Reading List for the Dalai Lama’s visit
If you want to bone up for the Dalai Lama’s teachings before his U.S. tour this September (see www.savetibet.org for his schedule), here is some recommended reading. The Art of Happiness at Work (Riverhead, August, $24.95, cloth) gives a taste of His Holiness’s everyday wisdom, in dialogues with psychiatrist Howard Cutler.
The Path to Bliss: A Practical Guide to Stages of Meditation (Snow Lion, 2003, $16.95, paper) contains traditional lamrim (“stages of the path”) teachings, introduced in the eleventh century by Atisha, an Indian monk.
For background reading for the Mind and Life Conference XI, “Investigating the Mind” (Cambridge, Massachusetts, September 13ï¿½14), a dialogue with scientists and academics on attention and cognitive control, see Choosing Reality: A Buddhist View of Physics and the Mind by B. Alan Wallace (Snow Lion, September, $16.95, paper). The book provides an update of Wallace’s analysis of the interface between Buddhism and science. A scholar and former Buddhist monk, he is copresenting with His Holiness at the Mind and Life conference. Stages of Meditation, a root text by Kamalashila; translated by Venerable Geshe Lobsang Jordhen, Losang Choephel Ganchenpa, and Jeremy Russell (Snow Lion, August, $16.95, paper), offers the Dalai Lama’s teachings on a ninth-century mind-training handbook he has called “a key that opens the door to all other major Buddhist scriptures.”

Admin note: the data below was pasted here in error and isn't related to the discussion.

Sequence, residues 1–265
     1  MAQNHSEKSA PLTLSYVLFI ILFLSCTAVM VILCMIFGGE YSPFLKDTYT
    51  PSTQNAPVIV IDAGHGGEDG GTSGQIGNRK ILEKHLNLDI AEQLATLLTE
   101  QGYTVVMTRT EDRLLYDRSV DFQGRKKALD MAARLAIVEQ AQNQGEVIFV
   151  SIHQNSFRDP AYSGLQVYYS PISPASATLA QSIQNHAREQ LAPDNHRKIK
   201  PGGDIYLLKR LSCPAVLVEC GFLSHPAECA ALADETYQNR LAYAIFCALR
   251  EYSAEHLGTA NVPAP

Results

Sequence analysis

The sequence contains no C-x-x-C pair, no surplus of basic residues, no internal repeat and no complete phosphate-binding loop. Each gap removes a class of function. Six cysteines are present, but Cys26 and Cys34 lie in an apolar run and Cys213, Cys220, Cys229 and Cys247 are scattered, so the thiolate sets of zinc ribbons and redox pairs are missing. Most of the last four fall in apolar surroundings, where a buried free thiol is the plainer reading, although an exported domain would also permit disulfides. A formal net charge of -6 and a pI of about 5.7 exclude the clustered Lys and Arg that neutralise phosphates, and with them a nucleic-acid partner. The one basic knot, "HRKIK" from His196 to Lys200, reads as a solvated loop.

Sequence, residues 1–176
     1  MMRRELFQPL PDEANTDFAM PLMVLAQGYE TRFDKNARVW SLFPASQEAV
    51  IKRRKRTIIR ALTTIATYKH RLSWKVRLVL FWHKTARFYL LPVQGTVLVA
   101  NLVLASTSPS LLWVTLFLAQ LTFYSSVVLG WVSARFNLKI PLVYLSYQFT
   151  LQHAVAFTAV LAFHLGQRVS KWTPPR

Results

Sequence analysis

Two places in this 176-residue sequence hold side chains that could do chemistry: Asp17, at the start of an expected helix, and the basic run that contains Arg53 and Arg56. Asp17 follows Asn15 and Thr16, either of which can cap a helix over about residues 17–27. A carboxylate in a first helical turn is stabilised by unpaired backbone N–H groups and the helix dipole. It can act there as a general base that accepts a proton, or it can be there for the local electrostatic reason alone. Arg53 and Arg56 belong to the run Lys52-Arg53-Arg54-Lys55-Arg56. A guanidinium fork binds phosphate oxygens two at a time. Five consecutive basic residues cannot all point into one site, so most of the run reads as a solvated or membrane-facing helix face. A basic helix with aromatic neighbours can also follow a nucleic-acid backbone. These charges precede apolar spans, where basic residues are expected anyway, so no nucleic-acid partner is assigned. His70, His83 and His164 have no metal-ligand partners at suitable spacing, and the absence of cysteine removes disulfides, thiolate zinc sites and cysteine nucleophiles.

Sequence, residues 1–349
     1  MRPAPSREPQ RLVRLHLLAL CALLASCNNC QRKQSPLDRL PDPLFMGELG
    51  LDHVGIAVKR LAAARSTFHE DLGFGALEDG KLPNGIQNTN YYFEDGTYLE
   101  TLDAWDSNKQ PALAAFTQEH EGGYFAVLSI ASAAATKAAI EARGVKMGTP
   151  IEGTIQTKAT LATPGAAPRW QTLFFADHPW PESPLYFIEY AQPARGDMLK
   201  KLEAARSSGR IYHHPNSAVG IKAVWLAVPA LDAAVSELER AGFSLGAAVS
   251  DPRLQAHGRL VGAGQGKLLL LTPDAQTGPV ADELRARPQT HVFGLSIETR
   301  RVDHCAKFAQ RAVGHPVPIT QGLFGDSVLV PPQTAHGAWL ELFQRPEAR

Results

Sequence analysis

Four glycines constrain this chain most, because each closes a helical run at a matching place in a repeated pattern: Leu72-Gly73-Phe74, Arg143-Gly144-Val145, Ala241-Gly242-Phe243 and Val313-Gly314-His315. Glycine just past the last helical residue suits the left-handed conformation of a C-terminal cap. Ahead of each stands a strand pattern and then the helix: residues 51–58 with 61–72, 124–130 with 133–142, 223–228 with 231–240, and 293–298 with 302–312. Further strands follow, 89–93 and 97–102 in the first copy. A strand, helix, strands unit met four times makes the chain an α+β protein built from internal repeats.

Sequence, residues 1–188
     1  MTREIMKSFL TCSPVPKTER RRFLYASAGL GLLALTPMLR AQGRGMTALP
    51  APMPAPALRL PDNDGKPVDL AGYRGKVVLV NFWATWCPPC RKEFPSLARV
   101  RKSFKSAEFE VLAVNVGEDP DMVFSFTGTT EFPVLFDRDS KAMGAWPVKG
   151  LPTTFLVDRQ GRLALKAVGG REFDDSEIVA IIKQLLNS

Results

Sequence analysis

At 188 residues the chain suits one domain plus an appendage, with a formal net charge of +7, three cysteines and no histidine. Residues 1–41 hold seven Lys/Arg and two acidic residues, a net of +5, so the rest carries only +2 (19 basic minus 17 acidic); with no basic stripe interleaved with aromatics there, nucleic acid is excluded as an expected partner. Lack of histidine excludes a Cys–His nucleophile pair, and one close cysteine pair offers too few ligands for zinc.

For teachings on Geshe Chekawa’s Seven-Point Mind Training and on the Root Verses on Indian Philosophies (which the Dalai Lama will discuss at the Beacon Theater in New York City, September 17-20) here are two texts: Buddhism with an Attitude: The Tibetan Seven-Point Mind Training by B. Alan Wallace (Snow Lion, September, $16.95, paper), is an accessible guide to the Tibetan Buddhist practice of lojong, or attitude training, first set down by Geshe Chekawa in the eleventh century. Buddhist Philosophy: Losang Gonchok’s Short Commentary to Jamyang Shayba’s Root Text on Tenets by Daniel Cozort and Craig Preston (Snow Lion, September, $16.95, paper) provides Buddhist and non-Buddhist views on the nature of reality, as set out by seventeenth-century Tibetan scholar Jamyang Shayba.